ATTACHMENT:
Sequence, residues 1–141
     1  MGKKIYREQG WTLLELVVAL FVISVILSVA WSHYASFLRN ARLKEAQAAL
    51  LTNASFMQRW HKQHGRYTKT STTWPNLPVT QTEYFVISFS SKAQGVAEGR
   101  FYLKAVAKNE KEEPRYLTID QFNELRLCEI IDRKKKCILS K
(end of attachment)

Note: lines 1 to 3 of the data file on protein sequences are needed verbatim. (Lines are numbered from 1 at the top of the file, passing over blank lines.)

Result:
Sequence, residues 1–141
     1  MGKKIYREQG WTLLELVVAL FVISVILSVA WSHYASFLRN ARLKEAQAAL
    51  LTNASFMQRW HKQHGRYTKT STTWPNLPVT QTEYFVISFS SKAQGVAEGR